As you said and it’s also on our website, smell is the way to know that the urine proteins and gases are gone. Further evidence is observing your cats – do they hover around those spots you treated? If not, then Anti Icky Poo was completely successful!
As for knowing if those are old spots or new ones: You might keep a sheet a paper and list the locations and size of the stains you treated. If you use a black light every month or so this will help you know if the spots are old ones or new ones.
It’s best to store them in a cabinet, but if that’s not practical then find a darkish corner in your kitchen. Ours tend to end up in a kitchen corner so we see them every morning when we change the cat’s water bowl.
If you broke your dropper – ask us for a new one when you place your next order. We’ll send one free.
Don’t let the dropper touch your fingers, or fall to the floor or countertop. If that happens, don’t panic, rinse it under filtered water and place it back in the bottle. Dirt and oils from fingers can contaminate the waters.
NEVER put the glass dropper in the cat’s mouth! That’s why our handout is full of great ways to administer flower essences: food, water, anoint.
Cat Beds – we’ve had some of ours since the 1990’s!
Always wash them in COLD water with mild soap
Always air dry, never machine dry
So that your bed dries fast, grasp the outer velveteen, and the inner fleece and pull them apart to form a <> shape. This allows air to flow and speed up drying time.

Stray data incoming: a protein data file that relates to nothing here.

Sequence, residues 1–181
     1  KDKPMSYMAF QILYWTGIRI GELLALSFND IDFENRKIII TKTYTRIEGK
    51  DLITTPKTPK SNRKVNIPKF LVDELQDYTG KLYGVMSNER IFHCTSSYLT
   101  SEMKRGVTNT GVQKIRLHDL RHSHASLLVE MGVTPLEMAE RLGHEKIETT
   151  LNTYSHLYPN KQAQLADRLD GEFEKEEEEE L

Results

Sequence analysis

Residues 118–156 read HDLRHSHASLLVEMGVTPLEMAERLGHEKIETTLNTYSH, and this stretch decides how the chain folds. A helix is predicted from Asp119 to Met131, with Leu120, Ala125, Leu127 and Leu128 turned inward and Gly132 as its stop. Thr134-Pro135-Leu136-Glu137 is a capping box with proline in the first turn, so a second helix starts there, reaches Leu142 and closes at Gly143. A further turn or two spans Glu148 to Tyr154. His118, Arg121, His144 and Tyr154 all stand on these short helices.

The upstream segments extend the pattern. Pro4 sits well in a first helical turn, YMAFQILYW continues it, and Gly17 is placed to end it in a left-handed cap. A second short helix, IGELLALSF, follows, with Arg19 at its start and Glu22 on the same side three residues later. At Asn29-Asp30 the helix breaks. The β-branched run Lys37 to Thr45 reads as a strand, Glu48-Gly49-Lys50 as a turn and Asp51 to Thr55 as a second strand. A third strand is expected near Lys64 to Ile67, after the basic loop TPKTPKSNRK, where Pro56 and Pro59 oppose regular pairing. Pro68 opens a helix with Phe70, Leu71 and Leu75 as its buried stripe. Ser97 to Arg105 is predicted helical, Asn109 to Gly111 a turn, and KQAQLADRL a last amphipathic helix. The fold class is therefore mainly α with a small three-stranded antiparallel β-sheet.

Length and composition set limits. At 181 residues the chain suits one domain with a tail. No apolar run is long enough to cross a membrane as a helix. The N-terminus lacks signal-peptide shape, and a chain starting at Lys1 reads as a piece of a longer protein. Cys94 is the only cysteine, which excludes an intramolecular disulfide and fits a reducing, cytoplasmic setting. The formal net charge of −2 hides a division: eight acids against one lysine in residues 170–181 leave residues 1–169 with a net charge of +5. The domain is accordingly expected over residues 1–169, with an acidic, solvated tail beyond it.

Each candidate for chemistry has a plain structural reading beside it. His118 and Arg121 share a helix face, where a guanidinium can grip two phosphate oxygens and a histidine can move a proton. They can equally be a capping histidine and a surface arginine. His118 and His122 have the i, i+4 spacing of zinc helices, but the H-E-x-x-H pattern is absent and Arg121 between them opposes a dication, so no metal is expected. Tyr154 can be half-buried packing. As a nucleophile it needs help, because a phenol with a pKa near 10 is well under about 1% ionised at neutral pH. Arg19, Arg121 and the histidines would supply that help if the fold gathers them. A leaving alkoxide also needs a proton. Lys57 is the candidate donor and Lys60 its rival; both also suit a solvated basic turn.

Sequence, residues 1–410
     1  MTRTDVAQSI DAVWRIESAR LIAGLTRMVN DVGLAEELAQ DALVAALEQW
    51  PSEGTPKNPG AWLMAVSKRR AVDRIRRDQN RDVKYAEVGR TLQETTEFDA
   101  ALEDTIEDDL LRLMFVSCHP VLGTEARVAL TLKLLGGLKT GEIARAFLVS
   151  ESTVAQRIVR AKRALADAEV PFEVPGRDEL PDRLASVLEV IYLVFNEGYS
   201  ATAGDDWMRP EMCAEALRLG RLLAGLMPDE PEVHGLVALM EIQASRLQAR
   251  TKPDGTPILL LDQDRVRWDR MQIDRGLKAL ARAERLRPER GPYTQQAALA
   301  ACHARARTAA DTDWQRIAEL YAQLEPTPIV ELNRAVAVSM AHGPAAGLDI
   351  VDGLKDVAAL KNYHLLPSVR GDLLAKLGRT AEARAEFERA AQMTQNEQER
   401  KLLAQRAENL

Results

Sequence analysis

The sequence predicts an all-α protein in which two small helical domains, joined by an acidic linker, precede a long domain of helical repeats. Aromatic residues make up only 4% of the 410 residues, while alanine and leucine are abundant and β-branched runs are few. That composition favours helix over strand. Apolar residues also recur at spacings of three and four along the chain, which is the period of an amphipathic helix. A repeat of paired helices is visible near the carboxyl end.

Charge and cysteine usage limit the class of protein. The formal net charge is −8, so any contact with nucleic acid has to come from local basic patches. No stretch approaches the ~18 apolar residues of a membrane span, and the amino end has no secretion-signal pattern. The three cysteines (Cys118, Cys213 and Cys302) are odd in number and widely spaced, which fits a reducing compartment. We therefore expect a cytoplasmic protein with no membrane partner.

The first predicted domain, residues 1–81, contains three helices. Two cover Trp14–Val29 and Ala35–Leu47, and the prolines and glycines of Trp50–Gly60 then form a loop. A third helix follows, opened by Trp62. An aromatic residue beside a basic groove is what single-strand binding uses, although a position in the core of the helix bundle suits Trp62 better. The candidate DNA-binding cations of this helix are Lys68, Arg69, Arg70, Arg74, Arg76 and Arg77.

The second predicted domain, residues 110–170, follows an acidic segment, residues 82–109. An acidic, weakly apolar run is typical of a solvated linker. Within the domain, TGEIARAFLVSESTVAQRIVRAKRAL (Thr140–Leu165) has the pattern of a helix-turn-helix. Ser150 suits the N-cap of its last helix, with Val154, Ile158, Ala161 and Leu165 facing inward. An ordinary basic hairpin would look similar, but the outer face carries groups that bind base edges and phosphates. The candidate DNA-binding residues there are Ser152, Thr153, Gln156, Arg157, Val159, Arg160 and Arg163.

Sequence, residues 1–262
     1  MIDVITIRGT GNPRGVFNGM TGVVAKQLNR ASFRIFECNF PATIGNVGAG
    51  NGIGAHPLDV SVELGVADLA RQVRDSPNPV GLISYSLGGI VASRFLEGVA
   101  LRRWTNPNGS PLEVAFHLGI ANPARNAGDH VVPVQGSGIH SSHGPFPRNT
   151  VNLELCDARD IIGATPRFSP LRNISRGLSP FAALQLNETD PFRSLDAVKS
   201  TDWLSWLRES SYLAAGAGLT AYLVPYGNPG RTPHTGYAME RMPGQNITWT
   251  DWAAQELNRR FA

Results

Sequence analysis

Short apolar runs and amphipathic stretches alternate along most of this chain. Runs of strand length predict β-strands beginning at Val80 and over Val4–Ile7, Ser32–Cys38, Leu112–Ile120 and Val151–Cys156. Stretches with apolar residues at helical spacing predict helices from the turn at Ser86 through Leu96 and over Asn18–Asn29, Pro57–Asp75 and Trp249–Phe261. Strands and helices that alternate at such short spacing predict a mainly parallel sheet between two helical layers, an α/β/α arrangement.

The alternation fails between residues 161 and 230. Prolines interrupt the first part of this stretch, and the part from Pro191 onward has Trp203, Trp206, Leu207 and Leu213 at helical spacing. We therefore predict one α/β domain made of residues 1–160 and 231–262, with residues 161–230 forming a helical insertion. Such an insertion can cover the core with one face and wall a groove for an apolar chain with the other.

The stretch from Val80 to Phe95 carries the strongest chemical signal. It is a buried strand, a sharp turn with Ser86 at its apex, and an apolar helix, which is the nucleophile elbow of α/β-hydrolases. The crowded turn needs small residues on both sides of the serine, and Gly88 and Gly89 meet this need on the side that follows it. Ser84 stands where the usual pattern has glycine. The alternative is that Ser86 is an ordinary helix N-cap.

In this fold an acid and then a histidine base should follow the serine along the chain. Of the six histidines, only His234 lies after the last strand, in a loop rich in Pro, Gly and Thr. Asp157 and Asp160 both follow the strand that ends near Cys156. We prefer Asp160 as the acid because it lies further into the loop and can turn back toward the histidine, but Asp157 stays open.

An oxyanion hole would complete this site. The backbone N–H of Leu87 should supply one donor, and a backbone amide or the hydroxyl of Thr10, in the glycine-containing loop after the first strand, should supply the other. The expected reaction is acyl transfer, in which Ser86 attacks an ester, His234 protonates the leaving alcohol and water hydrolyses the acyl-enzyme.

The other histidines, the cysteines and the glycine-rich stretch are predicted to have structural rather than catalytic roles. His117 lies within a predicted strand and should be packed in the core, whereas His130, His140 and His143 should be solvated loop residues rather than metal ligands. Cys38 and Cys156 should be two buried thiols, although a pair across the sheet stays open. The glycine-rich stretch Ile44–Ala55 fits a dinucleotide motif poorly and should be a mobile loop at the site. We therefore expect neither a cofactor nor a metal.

Bart’s inappropriate elimination ramped up. He is now 16 and hasn’t used a litter box for the past month. I don’t want to put him down for this! He is such a lover boy!
Diane in Minnesota
Sometimes when a cat gets to be Bart’s age the kidneys are starting to shrink and not function as they once had. Shrinking kidneys lead to various stages of renal failure, and it’s time to begin diet changes, and often sub-cutaneous fluids. But what we often aren’t told is that it can lead to behavior changes including avoiding the litter box. So have your vet examine Bart and run some blood work.
A few other medical conditions come into play as well. Arthritis is another big one for many cats as their back legs and lower backs become stiff and sore so that getting in and out of a little box can be painful – when that happens your cat might pee next to the box or on a surface like a bathmat. Or they can enter the box but they don’t squat – the urine flies out their back end and hits the wall or spills over the sides of the box.